- Spinach and other leafy greens
- Legumes like black beans and lima beans
- Whole grains such as quinoa
- Nuts and seeds, including almonds and cashews
Zinc is integral to your body’s functions, and since the body doesn’t store zinc, you need zinc-rich foods to stay healthy. Zinc boosts the immune system and helps regulate your body’s overall function, including sexual function. For more zinc, eat:
- Meat, and particularly red meat
- Shellfish such as oysters, crab, and mussels
- Legumes such as lentils, beans, and chickpeas
- Seeds, notably pumpkin and hemp seeds
- Dairy products such as milk, yogurt, and cheese
Foods rich in omega-3 fatty acids:
Omega-3s have been linked to dopamine production, which can help fight depression/anxiety. They also help you get better sleep, making them another great tool to improve your libido.
- Fish oil is the best way to consume more omega-3 fatty acids. Great sources include mackerel, salmon, herring, and anchovies.
- Alternatives include: flax seeds, chia seeds, walnuts, and soybean oil.
Foods that boost serotonin:
Serotonin, which has many effects on the body, helps increase sexual desire. By eating foods rich in tryptophan, which helps your body produce serotonin, you might see an increase in sexual desire. Try incorporating more of these foods:
- Eggs, especially boiled or poached eggs
- Spinach and other dark, leafy vegetables
- Tofu and other soy products
- Nuts and seeds
What are the benefits of a healthy libido and sex life?
Sure, there’s the obvious benefit: great orgasms. But, did you know that a healthy, balanced sex life also benefits your physical, emotional, and mental health?
A healthy sex life helps you:
Maintain a strong immune system.
Dopamine and oxytocin are released during sex, which reduces the level of cortisol (the “stress” hormone) and gives your immune system a boost. Studies have also shown that sex increases the number of lymphocytes—a type of white blood cell—in your system, resulting in more antibodies to strengthen your body’s defenses.
Keep your heart healthy and lower your blood pressure.
Studies have shown that sex may help lower your blood pressure. Plus, it’s a form of exercise that can improve your cardiovascular health and lower the risk of heart disease. This 2016 study found that women who engage in sex regularly are at lower risk of a cardiac event later in life.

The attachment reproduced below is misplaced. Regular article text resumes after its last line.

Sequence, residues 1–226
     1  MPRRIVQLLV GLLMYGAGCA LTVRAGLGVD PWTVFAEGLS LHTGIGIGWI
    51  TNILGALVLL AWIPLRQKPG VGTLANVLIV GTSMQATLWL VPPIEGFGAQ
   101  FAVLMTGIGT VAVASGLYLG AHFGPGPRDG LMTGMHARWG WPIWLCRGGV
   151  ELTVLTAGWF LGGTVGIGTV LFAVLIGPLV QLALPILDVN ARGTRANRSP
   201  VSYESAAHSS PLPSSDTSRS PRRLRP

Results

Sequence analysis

The burst of endorphins and serotonin that occurs when you have an orgasm helps relieve pain. This can range from chronic back pain to menstrual cramps, arthritis, and even headaches and migraines.
Like we’ve already said, sex reduces your cortisol levels, which relieves stress. Some studies have shown that intimacy alone may regulate cortisol levels.
Since sex gives you a workout and lowers your stress, it makes sense that it helps you drift off to sleep more easily. Why count sheep when you can have a romp in the sheets instead?
Increase your libido.
Having regular sex improves blood flow and vaginal lubrication, which will have you wanting sex more often. What does that mean? A healthy sex life leads to an even healthier sex life.
Keep control of your bladder.
Nearly one-third of women will experience incontinence at some point, a sign of a weak pelvic floor. Great sex helps exercise your pelvic floor muscles, which in turn keeps you in control of your bladder.
Feel better about yourself.
Several studies have suggested that having a healthy, safe sex life results in higher self-esteem and improved self-confidence.
Feel closer to your partner.
This one might seem like a no-brainer, but it’s worth mentioning that good sexual health isn’t just physically pleasurable for you and your partner, but it also extends to increased feelings of intimacy and closeness that benefit you in all aspects of your relationship.
Just like any of your body’s systems, libido and sexual health are complex—and it’s also highly dependent on individual bodies and experiences. Whatever your lifestyle or situation, taking control of your own sexual health is an empowering act, and the best part is that the positive consequences reverberate through every part of your life.